Madagascar presents researchers and policy makers with a classic conservation conundrum: how to protect biodiversity at the same time as delivering economic growth and creating alternative livelihoods that place less pressure on ecosystems and biological diversity. Since the 1980s, Madagascar has been a hotbed of conservation activity (see Chapter 7 by Kull). Efforts to protect Madagascar’s flora and fauna have centred primarily on the designation of protected areas (see Chapter 10 by Virah-Sawmy et al.). However, there has been a growing recognition amongst policy makers of the need to move beyond simple strategies of ‘fortress conservation’. Not only have protected areas often failed to stop impacts such as logging and forest clearance but the creation of protected areas has often imposed significant costs on rural households due to loss of access to natural resources (Ferraro, 2002). In an attempt to improve the performance of protected areas and reduce conflicts with rural households, conservation organizations and government ministries have experimented with a wide range of schemes to involve or create benefits for communities living around parks. Over the past ten years, policy has increasingly turned to nature tourism to try and solve the challenges of both biodiversity conservation and poverty alleviation. In this chapter, I discuss the reasons why most forms of nature tourism in Madagascar have had a limited impact as tools for integrated conservation and development. I start by providing a brief overview of Madagascar’s tourism sector. Having set the scene, I use a political ecology approach to argue that tourism’s lack of success to date has been due to two main factors:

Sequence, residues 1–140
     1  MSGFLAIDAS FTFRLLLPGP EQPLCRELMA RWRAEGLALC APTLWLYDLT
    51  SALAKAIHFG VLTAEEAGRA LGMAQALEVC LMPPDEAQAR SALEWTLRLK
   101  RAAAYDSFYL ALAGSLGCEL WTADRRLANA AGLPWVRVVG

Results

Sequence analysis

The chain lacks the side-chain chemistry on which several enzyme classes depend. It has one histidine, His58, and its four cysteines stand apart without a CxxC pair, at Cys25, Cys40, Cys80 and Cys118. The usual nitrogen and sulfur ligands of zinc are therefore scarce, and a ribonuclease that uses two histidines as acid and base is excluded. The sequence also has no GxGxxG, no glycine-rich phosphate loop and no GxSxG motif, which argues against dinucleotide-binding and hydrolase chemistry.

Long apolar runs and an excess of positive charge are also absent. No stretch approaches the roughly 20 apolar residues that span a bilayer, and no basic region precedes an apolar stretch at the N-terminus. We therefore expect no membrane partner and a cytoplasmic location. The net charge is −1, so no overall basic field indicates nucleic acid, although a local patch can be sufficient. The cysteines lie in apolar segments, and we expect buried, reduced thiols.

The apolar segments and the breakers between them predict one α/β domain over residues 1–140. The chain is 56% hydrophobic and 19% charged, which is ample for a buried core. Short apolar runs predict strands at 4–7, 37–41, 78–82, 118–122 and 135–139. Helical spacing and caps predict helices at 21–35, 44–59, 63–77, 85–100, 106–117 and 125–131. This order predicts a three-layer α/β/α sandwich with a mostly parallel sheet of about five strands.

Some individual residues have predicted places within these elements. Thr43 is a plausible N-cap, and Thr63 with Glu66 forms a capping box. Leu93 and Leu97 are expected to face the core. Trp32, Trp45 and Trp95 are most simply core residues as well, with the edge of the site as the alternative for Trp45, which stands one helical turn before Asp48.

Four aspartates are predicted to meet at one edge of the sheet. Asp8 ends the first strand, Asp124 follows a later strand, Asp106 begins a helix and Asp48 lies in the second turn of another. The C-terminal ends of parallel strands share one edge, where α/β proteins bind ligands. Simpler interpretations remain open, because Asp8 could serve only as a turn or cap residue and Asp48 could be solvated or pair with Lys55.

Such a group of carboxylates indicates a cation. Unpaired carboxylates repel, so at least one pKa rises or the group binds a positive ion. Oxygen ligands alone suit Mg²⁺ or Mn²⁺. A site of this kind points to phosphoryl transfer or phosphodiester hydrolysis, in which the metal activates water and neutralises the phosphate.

i) conflicting perceptions and priorities between different stakeholders; and ii) an uneven distribution of the costs and benefits of managing nature for tourism. As a result, expectations that tourism will deliver a ‘win-win’ solution are often overly ambitious. There are important questions about the power relations in such schemes, with nature tourism helping to reinforce the ‘top-down’ politics of forest management (see also Chapter 7 by Kull and Chapter 9 by Corson). I argue that, rather than seeking cure-all solutions, policy makers must be more willing to engage with alternative perceptions and priorities when it comes to natural resource management, and should be ready to accept trade-offs and compromise if nature tourism is to play a more effective role as a tool for conservation and development in Madagascar.